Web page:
The manual, "Caring for the Caregivers", was released last week in a country with one of the world's highest levels of HIV infection.

Not only are health workers having to deal with the impact of HIV/AIDS at the professional level in terms of the rising numbers of patients, but also in their personal lives. More than a third of Botswana's 1.7 million people are estimated to be HIV positive.

More details

AFRICA: More pressing concerns than HIV/AIDS - survey

Unemployment and poverty are more pressing concerns for Africans, ahead of the threat of HIV/AIDS, a survey by the Institute for Democracy in South Africa (IDASA) has found.

Although interviews with 23,000 adults from 15 African countries showed that many people, especially in east and southern Africa, had lost family members or friends to the pandemic, the disease was still considered less of a priority than concerns over jobs and hunger.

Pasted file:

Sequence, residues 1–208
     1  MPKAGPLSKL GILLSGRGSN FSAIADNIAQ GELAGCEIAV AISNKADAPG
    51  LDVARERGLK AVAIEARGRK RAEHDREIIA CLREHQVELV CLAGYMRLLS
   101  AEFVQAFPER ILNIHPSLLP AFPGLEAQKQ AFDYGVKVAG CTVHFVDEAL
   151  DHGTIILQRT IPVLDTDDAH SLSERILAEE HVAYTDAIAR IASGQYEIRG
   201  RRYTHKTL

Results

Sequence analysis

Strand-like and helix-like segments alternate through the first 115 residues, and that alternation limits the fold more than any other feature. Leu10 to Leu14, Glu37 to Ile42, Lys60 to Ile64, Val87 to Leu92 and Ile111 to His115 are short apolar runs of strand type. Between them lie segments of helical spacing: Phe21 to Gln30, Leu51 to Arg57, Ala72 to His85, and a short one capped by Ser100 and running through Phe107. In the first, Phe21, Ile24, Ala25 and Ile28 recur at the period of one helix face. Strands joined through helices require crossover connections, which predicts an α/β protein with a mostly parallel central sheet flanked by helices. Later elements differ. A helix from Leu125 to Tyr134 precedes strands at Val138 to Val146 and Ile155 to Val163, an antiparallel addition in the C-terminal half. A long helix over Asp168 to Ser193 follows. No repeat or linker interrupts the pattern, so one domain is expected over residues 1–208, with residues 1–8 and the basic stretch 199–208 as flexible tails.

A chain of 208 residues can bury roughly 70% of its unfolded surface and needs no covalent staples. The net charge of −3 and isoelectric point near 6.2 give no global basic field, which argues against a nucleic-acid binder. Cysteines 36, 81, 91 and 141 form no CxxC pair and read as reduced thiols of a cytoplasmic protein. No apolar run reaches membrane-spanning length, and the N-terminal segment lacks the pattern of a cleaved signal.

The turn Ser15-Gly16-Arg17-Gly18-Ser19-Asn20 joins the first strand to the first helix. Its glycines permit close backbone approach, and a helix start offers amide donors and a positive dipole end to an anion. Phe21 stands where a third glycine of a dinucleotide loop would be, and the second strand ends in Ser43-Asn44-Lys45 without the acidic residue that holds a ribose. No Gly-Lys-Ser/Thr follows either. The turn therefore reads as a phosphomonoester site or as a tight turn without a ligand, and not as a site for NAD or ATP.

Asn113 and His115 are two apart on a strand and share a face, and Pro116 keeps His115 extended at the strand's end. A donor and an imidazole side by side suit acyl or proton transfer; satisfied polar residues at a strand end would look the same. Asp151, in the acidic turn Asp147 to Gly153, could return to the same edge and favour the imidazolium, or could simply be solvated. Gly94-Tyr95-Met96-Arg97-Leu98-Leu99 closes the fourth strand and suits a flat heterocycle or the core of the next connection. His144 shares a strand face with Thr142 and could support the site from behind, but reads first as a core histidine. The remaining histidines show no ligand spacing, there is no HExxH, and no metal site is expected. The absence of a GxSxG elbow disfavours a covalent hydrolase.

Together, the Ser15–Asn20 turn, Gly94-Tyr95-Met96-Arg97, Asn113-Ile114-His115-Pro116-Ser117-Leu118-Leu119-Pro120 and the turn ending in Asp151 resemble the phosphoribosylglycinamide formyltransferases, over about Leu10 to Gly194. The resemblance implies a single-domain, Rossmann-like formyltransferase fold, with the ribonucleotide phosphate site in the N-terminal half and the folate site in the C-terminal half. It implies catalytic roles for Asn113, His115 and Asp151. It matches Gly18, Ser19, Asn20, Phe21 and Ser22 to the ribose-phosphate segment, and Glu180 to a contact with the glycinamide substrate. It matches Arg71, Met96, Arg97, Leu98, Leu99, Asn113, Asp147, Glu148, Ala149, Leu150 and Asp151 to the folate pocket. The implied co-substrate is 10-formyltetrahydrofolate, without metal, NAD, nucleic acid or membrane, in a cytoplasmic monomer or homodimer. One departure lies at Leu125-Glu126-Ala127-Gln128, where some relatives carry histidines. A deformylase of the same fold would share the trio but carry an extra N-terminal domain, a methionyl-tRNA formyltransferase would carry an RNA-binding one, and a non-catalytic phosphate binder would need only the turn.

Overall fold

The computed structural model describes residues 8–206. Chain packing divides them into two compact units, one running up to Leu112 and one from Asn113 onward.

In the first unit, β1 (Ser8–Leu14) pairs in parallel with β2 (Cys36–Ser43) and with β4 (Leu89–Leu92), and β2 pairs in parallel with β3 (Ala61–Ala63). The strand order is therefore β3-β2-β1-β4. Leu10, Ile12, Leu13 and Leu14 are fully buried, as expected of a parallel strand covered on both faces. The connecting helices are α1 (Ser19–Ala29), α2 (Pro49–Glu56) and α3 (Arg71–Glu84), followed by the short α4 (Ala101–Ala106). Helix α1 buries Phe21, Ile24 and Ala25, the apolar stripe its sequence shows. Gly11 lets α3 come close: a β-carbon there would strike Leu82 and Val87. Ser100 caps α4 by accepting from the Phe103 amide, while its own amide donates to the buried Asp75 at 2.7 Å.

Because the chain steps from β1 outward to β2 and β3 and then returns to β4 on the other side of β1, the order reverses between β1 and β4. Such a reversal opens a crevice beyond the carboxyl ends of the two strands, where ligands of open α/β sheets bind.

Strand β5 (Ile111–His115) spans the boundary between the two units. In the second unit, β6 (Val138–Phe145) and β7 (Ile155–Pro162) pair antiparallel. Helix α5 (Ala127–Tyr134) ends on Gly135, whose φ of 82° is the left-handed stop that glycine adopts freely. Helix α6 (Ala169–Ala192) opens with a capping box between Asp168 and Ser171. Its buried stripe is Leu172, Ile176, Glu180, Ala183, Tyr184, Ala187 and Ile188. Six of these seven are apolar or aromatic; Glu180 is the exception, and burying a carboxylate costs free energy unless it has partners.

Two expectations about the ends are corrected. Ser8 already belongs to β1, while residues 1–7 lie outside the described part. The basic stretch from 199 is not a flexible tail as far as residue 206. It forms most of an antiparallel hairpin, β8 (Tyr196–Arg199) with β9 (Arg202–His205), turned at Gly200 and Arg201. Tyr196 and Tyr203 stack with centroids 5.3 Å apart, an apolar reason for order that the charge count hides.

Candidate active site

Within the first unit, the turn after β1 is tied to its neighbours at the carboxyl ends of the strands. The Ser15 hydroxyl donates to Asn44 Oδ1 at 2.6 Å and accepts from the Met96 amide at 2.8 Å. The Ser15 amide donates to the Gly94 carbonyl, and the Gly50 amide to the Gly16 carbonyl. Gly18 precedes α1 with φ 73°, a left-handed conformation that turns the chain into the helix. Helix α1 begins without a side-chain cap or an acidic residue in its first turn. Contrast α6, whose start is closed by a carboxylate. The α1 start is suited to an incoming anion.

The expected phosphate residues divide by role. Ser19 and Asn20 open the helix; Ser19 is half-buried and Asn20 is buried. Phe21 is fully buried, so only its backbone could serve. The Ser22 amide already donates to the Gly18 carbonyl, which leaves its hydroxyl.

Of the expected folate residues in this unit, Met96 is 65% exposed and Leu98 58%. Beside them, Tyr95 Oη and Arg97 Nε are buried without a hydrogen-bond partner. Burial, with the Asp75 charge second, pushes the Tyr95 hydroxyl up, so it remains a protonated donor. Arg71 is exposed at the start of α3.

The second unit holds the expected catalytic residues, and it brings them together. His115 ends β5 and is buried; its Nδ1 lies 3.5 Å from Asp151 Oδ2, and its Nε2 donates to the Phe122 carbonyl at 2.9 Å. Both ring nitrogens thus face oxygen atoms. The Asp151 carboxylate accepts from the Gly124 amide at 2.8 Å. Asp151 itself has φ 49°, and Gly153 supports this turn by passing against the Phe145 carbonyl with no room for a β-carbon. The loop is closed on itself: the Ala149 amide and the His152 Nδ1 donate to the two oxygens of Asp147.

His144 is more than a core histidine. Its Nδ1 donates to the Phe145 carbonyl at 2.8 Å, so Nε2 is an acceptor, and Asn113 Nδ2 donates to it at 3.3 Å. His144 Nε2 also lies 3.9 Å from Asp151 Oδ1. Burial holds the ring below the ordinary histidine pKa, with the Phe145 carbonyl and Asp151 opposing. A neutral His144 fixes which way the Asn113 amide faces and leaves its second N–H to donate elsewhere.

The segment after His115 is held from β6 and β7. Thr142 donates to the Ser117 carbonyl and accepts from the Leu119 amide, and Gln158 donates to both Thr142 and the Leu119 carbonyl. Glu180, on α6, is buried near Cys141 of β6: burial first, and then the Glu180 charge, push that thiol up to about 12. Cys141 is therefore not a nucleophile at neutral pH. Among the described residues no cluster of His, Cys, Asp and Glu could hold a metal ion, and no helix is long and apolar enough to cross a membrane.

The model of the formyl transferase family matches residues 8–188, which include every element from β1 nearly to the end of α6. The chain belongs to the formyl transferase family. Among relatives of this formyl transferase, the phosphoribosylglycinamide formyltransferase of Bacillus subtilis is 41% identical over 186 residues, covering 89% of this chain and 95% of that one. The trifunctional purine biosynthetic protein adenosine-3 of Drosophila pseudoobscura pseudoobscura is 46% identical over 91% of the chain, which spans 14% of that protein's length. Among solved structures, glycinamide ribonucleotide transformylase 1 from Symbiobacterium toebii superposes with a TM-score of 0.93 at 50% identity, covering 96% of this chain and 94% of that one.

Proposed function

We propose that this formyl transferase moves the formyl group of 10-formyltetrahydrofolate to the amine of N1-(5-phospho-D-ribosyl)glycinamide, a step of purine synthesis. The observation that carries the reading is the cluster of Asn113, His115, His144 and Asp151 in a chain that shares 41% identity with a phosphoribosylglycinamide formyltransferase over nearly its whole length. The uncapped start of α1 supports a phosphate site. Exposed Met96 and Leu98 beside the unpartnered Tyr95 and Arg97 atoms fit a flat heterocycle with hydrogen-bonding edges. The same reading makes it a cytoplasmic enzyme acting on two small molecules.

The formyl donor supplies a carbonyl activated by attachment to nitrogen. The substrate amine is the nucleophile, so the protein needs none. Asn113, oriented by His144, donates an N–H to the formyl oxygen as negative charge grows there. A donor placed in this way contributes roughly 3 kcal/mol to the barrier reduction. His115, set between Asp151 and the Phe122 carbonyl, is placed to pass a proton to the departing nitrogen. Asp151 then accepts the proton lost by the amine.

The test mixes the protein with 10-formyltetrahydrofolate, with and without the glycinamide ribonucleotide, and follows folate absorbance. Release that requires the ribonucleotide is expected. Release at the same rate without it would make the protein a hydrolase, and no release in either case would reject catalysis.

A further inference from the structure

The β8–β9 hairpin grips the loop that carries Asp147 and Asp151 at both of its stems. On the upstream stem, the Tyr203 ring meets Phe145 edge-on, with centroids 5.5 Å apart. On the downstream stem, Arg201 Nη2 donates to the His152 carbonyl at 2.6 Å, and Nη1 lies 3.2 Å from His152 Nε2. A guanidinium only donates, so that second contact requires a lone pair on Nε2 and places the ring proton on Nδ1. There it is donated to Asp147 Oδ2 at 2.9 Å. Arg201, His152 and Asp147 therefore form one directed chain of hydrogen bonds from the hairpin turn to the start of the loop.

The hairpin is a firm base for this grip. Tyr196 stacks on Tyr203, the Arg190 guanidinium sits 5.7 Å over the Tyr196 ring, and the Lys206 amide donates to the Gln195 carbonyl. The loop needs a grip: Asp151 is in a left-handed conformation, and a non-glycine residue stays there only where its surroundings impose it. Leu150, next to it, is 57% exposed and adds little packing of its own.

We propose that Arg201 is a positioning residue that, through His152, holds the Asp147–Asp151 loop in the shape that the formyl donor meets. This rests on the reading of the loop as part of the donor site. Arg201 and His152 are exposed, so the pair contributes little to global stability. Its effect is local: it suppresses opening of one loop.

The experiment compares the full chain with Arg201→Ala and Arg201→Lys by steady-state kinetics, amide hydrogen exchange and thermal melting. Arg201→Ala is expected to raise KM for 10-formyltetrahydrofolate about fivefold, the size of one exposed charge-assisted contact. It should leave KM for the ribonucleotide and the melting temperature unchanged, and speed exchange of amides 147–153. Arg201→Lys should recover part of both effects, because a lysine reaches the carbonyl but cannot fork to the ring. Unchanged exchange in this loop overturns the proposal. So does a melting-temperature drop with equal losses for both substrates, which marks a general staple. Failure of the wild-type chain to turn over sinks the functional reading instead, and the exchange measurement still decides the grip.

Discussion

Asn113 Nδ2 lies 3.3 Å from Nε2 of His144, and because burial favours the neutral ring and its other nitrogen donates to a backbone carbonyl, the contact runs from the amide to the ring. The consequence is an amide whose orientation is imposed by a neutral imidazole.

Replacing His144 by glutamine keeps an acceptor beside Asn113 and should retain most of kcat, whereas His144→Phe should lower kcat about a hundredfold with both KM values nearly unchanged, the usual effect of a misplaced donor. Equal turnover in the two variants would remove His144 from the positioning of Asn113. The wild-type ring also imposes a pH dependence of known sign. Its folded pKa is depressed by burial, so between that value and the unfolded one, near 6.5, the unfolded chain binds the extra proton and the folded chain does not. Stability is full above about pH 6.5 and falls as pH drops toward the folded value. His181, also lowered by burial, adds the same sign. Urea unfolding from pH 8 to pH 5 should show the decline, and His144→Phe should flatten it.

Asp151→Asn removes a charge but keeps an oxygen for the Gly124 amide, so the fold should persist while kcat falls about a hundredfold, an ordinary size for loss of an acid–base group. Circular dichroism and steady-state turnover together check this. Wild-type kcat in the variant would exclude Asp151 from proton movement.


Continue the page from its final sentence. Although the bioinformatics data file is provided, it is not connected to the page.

"On a continent in which many people go without basic necessities, the relatively longer-term threat of HIV/AIDS must stand in line behind more pressing, immediate concerns," IDASA's public opinion service programme manager, Bob Mattes, told PlusNews.

Most respondents were undecided about whether their governments should divert resources from other scarce priorities to tackle HIV/AIDS, Mattes said. African publics were not always convinced that HIV/AIDS constituted a problem worthy of government attention.

More details


1. TakingITGlobal is a global online community with young members and contributors from around the world. The site aims at providing youth with the inspiration to make a difference, provides a platform for interactivity with peers, is a source of information on issues, with discussions, opportunities to take action, and a bridge to get involved locally, nationally and globally. Membership is free.

2. Africa Regional Sexuality Resource Centre